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Durham University

Department of Earth Sciences


Publication details for Prof. Dave Selby

Xu, W., Ruhl, M., Jenkyns, H., Hesselbo, S., Riding, J., Selby, D., Naafs, D., Weijers, J., Pancost, R.D., Tegelaar, E.W. & Idiz, E. (2017). Carbon sequestration in an expanded lake system during the Toarcian oceanic anoxic event. Nature Geoscience 16(2): 129-134.

Author(s) from Durham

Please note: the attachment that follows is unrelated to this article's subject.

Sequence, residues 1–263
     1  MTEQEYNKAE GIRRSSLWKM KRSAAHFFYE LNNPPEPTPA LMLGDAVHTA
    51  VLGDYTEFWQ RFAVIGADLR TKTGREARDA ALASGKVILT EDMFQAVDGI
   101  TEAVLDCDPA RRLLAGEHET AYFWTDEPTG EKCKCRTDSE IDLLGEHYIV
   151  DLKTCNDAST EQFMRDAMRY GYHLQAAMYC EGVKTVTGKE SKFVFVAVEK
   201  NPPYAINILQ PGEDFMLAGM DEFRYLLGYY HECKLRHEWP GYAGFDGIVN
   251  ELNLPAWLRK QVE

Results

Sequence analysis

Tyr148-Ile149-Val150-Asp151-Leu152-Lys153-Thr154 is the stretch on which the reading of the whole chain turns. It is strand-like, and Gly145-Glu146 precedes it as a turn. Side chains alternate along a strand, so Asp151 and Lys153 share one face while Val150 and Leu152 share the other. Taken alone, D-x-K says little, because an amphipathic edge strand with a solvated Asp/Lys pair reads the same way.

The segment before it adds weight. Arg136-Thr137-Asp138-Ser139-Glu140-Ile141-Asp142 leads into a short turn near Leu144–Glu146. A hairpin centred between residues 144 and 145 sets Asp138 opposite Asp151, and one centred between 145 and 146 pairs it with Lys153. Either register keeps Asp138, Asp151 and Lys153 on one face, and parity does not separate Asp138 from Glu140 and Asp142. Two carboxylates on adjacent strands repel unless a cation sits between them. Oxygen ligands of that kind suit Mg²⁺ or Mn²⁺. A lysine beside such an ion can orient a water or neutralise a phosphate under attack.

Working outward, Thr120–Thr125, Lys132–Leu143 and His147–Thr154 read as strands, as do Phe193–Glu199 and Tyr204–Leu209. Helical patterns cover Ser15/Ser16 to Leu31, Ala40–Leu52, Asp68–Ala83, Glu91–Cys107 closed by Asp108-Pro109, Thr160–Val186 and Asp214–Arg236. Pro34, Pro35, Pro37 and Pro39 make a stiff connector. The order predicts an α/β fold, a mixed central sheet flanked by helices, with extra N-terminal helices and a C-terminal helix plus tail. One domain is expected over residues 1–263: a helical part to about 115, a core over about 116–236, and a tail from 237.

The Early Jurassic Toarcian oceanic anoxic event (~183 Ma) was marked by marine anoxia–euxinia and globally significant organic-matter burial, accompanied by a major global carbon-cycle perturbation probably linked to Karoo–Ferrar volcanism. Although the Toarcian oceanic anoxic event is well studied in the marine realm, accompanying climatic and environmental change on the continents is poorly understood. Here, utilizing radioisotopic, palynological and geochemical data from lacustrine black shales, we demonstrate that a large lake system developed contemporaneously with the Toarcian oceanic anoxic event in the Sichuan Basin, China, probably due to enhanced hydrological cycling under elevated atmospheric pCO 2. We attribute increased lacustrine organic productivity to elevated fluvial nutrient supply, which resulted in the burial of ~460 Gt of organic carbon in the Sichuan Basin alone, creating an important negative feedback in the global exogenic carbon cycle. We suggest that enhanced nutrient delivery to marine and large lacustrine systems was a key component in the global carbon cycle recovery during the Toarcian oceanic anoxic event and acted to shorten the duration of the recovery of global δ13C values.